Sufism_8_Essay

Sufism_8_Essay - he had already attained the first part...

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Hist 2530 Professor Powers 10/23/08 Sufism Al-Ghazali, revered as a reviver of the Muslim during the twelfth century, was a great Islamic thinker. Many of his writings and theology stem from his views on Sufism and its relation to the religion of Islam and Muslim philosophy. In an effort to fully understand Sufism at its core, Ghazali spent ten years living in the manner of the Sufis. His overall initial definition of Sufis is that they are mystics who “alone enter into the ‘presence’ of god, and possess vision and intuitive understanding.” In short, Sufism is an ascetic lifestyle in which its followers neglect themselves of earthly desires and reside in seclusion, in a constant search for eternal salvation. Ghazali describes that Sufism has two parts: intellectual belief and practical activity. Before he went off for ten years, Ghazali claimed that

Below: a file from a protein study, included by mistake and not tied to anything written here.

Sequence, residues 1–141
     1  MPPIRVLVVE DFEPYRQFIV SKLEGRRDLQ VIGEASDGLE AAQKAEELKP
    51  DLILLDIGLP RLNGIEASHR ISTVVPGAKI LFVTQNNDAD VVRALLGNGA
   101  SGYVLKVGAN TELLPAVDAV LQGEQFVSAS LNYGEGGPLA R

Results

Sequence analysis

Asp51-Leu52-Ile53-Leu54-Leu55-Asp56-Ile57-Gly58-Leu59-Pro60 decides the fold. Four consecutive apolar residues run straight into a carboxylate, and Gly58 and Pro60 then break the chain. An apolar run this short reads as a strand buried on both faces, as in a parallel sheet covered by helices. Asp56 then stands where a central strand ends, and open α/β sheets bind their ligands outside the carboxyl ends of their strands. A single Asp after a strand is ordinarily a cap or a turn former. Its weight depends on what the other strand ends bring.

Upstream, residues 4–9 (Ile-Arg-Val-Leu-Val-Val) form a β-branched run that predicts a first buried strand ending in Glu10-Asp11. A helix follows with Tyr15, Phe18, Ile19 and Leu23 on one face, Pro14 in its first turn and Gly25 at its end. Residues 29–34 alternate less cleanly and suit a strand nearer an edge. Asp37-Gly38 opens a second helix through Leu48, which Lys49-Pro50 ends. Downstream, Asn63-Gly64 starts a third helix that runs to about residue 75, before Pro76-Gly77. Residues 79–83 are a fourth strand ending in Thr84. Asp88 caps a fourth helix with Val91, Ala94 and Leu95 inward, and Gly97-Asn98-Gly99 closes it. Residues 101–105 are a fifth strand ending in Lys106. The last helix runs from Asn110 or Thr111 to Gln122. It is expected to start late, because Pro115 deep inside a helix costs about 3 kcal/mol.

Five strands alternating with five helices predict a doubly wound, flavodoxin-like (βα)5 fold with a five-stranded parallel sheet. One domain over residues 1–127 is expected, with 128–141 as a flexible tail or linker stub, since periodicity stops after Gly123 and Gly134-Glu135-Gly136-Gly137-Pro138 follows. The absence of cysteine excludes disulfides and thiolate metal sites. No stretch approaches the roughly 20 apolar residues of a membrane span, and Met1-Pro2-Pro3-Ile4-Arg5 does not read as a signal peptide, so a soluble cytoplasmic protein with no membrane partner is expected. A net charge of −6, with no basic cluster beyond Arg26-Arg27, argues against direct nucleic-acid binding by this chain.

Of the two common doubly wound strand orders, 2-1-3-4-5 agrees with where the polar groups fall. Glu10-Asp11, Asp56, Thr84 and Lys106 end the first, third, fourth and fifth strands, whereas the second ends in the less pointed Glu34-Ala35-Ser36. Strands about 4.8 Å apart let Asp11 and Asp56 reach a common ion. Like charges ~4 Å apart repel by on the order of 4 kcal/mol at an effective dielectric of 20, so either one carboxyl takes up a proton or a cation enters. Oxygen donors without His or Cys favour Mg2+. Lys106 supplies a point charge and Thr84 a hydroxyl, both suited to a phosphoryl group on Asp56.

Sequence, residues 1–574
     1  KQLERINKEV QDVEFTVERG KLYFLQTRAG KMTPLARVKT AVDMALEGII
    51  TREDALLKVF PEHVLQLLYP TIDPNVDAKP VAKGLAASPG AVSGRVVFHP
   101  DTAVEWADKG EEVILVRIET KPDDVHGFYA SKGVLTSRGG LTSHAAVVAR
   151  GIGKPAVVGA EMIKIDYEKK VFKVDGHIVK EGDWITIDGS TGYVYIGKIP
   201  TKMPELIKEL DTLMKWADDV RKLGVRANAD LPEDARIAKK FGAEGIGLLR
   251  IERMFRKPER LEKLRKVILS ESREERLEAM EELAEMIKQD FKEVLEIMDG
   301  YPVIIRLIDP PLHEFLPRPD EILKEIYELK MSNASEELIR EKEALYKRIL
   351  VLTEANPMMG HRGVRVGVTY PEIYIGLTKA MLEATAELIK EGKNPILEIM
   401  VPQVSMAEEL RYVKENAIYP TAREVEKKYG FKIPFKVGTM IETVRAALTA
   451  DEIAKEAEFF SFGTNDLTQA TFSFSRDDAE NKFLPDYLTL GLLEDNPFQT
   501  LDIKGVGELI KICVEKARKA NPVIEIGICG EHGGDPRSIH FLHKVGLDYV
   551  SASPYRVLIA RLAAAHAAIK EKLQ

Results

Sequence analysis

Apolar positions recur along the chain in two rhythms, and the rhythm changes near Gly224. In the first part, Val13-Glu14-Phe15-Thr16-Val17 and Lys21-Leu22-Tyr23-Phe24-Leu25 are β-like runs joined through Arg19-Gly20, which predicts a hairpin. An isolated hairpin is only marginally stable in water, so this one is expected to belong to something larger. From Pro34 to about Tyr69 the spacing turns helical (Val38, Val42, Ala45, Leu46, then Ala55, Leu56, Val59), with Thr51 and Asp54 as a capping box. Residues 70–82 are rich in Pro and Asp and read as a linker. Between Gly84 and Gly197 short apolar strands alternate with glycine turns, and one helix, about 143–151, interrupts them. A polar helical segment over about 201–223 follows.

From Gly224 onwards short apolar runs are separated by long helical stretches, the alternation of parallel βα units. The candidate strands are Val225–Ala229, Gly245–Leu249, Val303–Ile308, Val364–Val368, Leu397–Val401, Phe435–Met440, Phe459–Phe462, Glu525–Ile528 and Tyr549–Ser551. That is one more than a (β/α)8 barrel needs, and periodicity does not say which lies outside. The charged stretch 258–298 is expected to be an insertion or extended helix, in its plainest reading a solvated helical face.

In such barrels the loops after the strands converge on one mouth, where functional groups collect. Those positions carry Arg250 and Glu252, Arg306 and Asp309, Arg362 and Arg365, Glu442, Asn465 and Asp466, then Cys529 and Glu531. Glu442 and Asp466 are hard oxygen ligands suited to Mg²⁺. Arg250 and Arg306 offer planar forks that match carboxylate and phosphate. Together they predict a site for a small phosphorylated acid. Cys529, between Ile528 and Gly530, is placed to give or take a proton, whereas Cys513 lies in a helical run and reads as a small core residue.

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Unformatted text preview: he had already attained the first part which is in essence knowledge of the theories and beliefs practiced by Sufis. The later part, he tells us, is much harder to achieve and is meant for the believer to experience that which he studies about. This latter part comes in three stages, the first of which is purity. Just as a Muslim makes himself pure before prayer, a spiritual purity must take place before a true connection with god is made. Next comes a state of revelations and visions in which the Sufi begins to see images of angels, spirits, and prophets. Finally a sort of oneness with god is achieved which is the final and sole goal of the Sufi belief. Ghazali finishes by stating that the truest way to achieve the essence of the Sufis is to immerse oneself with them and live as they live, in a constant pursuit of a divine connection....
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This essay was uploaded on 02/01/2009 for the course HIST 253 taught by Professor Powers, d during the Fall '08 term at Cornell.

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Sufism_8_Essay - he had already attained the first part...

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